While COVID-19 has changed life as we know it, the story isn’t all doom and gloom. Indeed, there has been an outcry of kindness and support from the public. As we’ve seen before, in times of crisis, people tend to come together in unification and solidarity, and the same rings true for the current pandemic the world is now facing.
There’s also a lot to learn from the COVID-19 outbreak, including the role social media plays in connecting us during times of hardship as well as the environmental impact of the pandemic.
Today, we’re exploring COVID-19 in detail to understand exactly what we can take away from this unprecedented crisis.
Social Isolation and Social Media: A Paradox
Social media has, once again, influenced the conversation surrounding COVID-19. And, maybe for the better. An initiative taken by the World Health Organization (WHO) saw social media being used to promote ‘The Safe Hands Challenge.’
Taken up by celebrities and the public alike, the challenge has gone viral and could be said to play a positive role in spreading awareness. By creating engaging content that is both educational and shareable, WHO’s action speaks to the times we now live in and the globalized conversation that we’re all a part of.
As Forbes explains, “The Safe Hands Challenge, for instance, has been used as a TikTok hashtag nearly a half billion times in 48 hours. The WHO posted its first video to TikTok 16 days ago and has since added nine more. They’ve been viewed an average of 10.3 million times. For perspective, Loren Gray, the influencer with the largest following on the platform, has averaged only 4.4 million views in her last 10.”
Interestingly, many individuals and now entire cities are being asked to stay at home through a process of self-isolation. And yet, thanks to social media, we’re more connected than ever which seems to have helped in allowing people to come together.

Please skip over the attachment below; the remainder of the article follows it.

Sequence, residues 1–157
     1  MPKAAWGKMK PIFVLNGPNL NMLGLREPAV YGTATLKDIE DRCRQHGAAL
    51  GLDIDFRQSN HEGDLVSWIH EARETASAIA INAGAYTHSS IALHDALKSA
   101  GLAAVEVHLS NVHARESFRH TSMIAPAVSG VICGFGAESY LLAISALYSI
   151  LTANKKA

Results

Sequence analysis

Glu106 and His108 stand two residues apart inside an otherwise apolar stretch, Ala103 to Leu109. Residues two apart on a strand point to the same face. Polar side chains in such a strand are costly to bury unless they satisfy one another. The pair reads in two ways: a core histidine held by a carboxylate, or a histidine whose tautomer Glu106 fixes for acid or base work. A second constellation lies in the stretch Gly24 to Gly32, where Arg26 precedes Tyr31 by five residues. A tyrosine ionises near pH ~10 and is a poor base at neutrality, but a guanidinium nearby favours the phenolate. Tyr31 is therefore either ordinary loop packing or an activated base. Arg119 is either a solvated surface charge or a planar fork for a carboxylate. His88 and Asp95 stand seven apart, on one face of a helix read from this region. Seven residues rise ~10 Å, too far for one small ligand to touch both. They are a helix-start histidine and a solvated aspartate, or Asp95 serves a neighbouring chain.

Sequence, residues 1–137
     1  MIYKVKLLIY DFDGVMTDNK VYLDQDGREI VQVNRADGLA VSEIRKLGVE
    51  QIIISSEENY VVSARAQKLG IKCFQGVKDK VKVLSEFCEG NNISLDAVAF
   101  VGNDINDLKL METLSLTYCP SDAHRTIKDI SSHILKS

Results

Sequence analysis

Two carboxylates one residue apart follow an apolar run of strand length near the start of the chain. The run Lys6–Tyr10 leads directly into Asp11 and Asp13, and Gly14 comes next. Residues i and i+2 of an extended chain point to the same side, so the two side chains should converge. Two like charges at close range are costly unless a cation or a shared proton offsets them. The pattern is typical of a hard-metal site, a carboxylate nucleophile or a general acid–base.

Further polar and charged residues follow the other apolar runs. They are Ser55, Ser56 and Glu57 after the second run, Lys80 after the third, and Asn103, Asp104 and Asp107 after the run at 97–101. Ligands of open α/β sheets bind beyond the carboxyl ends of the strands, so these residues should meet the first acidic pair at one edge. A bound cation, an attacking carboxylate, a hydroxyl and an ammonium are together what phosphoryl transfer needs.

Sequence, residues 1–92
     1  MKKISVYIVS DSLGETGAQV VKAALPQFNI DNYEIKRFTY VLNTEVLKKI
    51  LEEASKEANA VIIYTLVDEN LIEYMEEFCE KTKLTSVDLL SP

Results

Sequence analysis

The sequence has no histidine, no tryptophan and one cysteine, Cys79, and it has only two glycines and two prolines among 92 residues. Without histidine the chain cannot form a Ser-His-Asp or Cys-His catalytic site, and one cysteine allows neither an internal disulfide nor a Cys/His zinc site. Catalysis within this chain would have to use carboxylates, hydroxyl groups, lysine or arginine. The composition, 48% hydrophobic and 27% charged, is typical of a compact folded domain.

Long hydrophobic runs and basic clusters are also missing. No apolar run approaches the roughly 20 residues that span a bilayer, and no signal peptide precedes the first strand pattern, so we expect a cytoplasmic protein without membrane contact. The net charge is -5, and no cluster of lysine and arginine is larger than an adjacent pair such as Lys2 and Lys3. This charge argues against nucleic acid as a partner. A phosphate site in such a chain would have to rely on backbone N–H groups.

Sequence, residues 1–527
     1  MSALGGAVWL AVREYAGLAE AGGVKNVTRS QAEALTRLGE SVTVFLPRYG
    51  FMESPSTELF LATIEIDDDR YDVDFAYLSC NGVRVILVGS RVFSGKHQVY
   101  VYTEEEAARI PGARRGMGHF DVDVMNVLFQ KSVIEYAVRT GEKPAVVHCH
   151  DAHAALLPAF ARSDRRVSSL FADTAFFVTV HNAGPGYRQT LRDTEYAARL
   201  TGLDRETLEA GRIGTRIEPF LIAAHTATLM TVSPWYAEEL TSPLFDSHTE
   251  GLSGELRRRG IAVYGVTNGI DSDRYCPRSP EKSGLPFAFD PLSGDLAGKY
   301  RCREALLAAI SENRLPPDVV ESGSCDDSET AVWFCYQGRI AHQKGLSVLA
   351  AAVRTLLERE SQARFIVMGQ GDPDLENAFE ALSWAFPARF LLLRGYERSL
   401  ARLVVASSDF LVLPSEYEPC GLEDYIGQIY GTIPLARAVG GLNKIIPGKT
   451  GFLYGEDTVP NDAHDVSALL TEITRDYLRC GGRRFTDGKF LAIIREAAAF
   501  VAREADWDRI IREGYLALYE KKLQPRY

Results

Kind Efforts, Big and Small
On a positive note, COVID-19 has seen an outpour of kind efforts and actions. Many people have offered to help vulnerable groups such as the elderly in tending to their everyday needs, such as grocery shopping.
These kind efforts are being enacted on a small and large scale. For example, many leading supermarket chains recently announced special opening hours for the elderly.
As the ABC explains, “Both shops are opening exclusively between 7:00am and 8:00am to give those groups a chance to do their shopping before the rush begins.”
“Woolworths says shoppers will be allowed in if they can show a relevant government-issued seniors, pensioner or disability card. Coles is also hiring more than 5,000 casual staff to help deal with demand.”
“The moves come after scenes of panic-buying, clashes between shoppers and scuffles over toilet paper, as Australians look to stock up on products as a result of the fear of shortages, due to the COVID-19 outbreak.”
Could There Be A Positive Environmental Impact?
With the world effectively being put on hold, cities on lockdown, air travel significantly reduced and thousands in self-isolation, the environment may be the only beneficiary from COVID-19.
As The Guardian explains, “In China...the actions taken by authorities have inadvertently demonstrated that hefty 25% carbon dioxide cuts can bring less traffic and cleaner air with only a small reduction in economic growth…”
With COVID-19 forcing individual and systemic changes to be enacted immediately, the impact these changes are having on the environment is worthy of consideration. From the Geneva Motor Show to CeraWeek and the Formula One grand prix, thousands of travelers have cancelled their plans, saving tones of CO2 from entering the atmosphere.
Looking to The Future
A crisis as global and far-reaching as COVID-19 will be one to consider, reflect on and learn from for years to come. However, with the present knowledge that we have of the virus, and our current understanding of its general impact on the world, there are takeaways.
As The Guardian effectively concludes, “If this trend continues, analysts say it is possible this will lead to the first fall in global emissions since the 2008-09 financial crisis. Even a slowdown in CO2 could buy time for climate action and, more importantly, inspire long-term behavioral changes – particularly in travel.”
Will COVID-19 change the way we behave as a collective humanity, altering mainstream behaviors in areas such as travel and health care, or will we return to what we know best?
As this remains an ever-evolving and ever-changing story, the answer is yet to be determined. However, it’s sure to be a question we return to.
By: Sophia Llewellyn
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